The Civil-Military Divide: The Role of the Military in the U.S. Coronavirus Response

In recent weeks, there has been much concern around our nation’s preparedness for and ability to respond to the coronavirus or COVID-19 pandemic. There has been an understandable desire to see the United States military play a more significant role, along with other parts of the federal government that have resources or expertise to bear, to support a faster and more effective response across all levels of government.

With only one percent (1%) of the U.S. population serving in the military, there is a level of confusion among non-military civilians about the capabilities and responsibilities of our military in this situation. The misconceptions and confusion around what our nation’s military can and cannot do in this public health crisis is further evidence of a gap in understanding between civilians and the military – sometimes referred to as the civil-military divide.

Below are three examples that illustrate this confusion: the role of the U.S. National Guard, the role of the U.S. Army Corps of Engineers, and the role of the U.S. Department of Defense medical community.

The Role of the U.S. National Guard

Most civilians are somewhat familiar with the two purposes of the U.S. National Guard. The first is in times of natural disasters such as after a hurricane, flood or earthquake. In this situation, we think of the Guard’s engineering units with generators and construction equipment and Guardsmen distributing food, water, or blankets. The second is during a riot or similar situation of domestic unrest, where Guardsmen restore order in a police-like function. A worst-case example of such a situation is the Kent State shootings that occurred at Kent State University.

Accordingly, neither of these models fit well to inform what the Guard can do and what it is doing in the current situation. In about a dozen states, the Guard is helping to administer tests to determine if individuals have COVID-19. In many more, the Guard is assisting in state emergency operations centers, helping to clean and disinfect where needed, staffing call centers, and moving groceries to food banks.

Additionally, the fact that every governor in the U.S. has called upon the Guard has led some to believe that the Guard will be used to enforce statewide or national quarantine or “lockdown” orders by force. On March 25, 2020, a U.S. Department of Defense briefer felt the need to state “this is not martial law,” essentially denying that the Guard will be used in that way.

The Role of the U.S. Army Corps of Engineers

The U.S. Army Corps of Engineers (USACE) is already helping to build out emergency medical capacities in some of our hard-hit cities. USACE has an emergency response capability and is already responding, which is a good news story. Still, there is confusion about who USACE is and what it does.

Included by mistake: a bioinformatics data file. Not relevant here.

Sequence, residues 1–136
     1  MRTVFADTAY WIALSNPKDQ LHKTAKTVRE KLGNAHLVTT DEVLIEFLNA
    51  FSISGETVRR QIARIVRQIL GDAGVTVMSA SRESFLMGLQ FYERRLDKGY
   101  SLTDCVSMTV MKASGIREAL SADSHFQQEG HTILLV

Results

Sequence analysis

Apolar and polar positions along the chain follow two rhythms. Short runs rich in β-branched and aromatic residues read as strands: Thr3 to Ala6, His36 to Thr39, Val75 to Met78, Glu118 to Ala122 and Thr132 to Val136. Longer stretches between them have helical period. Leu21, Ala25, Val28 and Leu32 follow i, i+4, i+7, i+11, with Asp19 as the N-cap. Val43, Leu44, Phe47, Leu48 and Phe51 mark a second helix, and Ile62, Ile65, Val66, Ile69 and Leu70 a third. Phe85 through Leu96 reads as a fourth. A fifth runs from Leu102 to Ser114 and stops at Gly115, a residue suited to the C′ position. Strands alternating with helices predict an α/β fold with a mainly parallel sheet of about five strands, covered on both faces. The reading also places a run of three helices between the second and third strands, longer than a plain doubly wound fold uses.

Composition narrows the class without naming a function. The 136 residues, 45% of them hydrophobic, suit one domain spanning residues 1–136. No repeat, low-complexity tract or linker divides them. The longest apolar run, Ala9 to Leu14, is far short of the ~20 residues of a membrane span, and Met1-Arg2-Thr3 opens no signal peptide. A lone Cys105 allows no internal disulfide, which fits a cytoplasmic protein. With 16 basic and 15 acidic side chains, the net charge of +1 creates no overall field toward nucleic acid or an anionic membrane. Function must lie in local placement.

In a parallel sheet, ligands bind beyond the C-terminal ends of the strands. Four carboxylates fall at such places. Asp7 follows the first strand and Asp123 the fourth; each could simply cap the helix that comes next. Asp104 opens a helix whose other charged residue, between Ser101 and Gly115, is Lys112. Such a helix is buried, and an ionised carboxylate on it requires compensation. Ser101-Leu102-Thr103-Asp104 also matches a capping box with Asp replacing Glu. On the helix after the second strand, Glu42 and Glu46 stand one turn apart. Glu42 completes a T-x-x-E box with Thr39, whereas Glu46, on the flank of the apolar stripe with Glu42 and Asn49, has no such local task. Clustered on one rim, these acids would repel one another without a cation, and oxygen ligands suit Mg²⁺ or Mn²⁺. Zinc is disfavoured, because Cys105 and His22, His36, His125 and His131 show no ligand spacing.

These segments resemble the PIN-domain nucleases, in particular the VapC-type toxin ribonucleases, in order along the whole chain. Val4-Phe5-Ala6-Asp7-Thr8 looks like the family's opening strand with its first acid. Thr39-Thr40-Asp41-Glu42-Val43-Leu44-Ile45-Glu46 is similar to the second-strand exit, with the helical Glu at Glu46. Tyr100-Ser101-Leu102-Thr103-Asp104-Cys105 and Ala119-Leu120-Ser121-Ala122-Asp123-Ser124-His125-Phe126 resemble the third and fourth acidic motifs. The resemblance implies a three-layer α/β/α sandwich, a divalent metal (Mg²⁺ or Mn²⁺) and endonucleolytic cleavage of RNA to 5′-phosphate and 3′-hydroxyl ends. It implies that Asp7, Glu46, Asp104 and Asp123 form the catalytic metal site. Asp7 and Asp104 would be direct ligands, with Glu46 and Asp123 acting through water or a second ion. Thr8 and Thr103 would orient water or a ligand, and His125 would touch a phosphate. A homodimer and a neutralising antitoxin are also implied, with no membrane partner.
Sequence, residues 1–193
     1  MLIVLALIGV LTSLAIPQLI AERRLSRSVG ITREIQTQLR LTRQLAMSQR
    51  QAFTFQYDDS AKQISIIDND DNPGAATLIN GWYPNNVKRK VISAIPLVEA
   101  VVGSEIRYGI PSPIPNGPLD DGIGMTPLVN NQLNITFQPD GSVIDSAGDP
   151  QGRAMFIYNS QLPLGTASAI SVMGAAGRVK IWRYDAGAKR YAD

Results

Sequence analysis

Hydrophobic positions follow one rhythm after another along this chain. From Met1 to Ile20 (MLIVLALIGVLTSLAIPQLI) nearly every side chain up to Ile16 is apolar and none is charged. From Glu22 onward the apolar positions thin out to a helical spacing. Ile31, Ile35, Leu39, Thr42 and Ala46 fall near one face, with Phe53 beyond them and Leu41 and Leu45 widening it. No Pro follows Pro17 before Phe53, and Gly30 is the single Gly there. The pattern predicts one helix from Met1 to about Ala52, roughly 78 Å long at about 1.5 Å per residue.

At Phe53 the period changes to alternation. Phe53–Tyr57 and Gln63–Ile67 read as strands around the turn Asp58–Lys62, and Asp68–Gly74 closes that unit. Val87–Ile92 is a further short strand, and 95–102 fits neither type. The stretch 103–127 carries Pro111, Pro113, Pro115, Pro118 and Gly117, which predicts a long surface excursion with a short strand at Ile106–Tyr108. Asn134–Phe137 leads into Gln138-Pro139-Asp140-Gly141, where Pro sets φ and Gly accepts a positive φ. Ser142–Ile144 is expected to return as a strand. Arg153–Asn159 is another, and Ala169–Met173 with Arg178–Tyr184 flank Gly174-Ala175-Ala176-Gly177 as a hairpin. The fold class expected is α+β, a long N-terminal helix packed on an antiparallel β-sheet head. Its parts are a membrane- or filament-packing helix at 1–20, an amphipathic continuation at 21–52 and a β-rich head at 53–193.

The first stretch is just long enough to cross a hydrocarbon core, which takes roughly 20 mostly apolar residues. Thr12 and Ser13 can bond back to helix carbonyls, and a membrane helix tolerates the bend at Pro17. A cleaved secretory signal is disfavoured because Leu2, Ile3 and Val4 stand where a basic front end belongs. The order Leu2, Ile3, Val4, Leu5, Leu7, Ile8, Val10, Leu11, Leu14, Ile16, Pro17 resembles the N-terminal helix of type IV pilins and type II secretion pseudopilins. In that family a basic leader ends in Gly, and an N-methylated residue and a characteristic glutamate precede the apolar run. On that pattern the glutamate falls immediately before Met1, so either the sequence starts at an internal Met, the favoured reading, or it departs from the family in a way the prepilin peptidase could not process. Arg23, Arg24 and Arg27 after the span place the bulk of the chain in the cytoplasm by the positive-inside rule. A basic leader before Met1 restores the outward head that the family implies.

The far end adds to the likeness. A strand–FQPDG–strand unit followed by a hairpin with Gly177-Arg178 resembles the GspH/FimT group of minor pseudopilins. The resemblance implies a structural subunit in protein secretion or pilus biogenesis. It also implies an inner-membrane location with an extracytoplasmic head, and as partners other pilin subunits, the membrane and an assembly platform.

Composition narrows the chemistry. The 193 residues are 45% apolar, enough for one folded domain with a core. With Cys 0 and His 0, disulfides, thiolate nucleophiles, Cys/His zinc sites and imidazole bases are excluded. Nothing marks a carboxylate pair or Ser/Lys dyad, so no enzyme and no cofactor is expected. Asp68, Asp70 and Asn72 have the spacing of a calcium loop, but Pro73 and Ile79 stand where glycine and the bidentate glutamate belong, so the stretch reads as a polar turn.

USACE is an organization that primarily contracts with the private sector to build things and then directs and oversees construction. Its primary role inside the U.S. is on dams and waterways. Calling upon or ordering the USACE to help in the current situation requires mayors or governors to identify facilities, such as college dormitories, hotels, motels, or convention centers, where the owners are willing to lease to the relevant government. There also needs to be money in place to fund a contract to renovate such facilities into sick bays or hospital-type rooms, which is what is currently happening in New York City. But it is not as simple as ordering the military to build hospital rooms.

The Role of the Defense Medical Community

The military, whether active duty, Guard, or reserve, has doctors, nurses, and other healthcare professionals in its ranks. Understandably, some mayors have called for them to be pulled from their units and deployed to our cities to help. However, as military leaders have repeatedly stated, military medicine is primarily focused on readiness for combat care, and their field hospitals and similar capabilities are geared toward trauma care and not designed to separate infectious people from other patients. Finally, since there is no vaccine for this virus and a nationwide shortage of test kits and medical supplies, more medical personnel will not add as much value as otherwise. Although military medical personnel could relieve overworked staff in some cases, this must be balanced against their primary mission to be ready for military operations should an adversary try to take advantage of this public health crisis. That is why the military centered its response to the 2015 Ebola crisis on providing logistic support and getting people and supplies to West Africa, not on direct medical care. But if the needed supplies are not available, the military’s ability to move supplies quickly will not help us.

If more citizens were more familiar with the role of the military, including the National Guard, the Army Corps of Engineers, and military healthcare specialists, the national conversation about who and how to respond to this pandemic would be better informed, with fewer inaccurate conceptions of what the military can or should do.

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One Research Boulevard, Suite 104, Starkville, MS 39759

(662) 325-8409 • Fax (662) 325-8623

201 Mass. Avenue, NE, Suite C-7, Washington, DC 20002 

(202) 546-1837 • Fax (202) 546-3841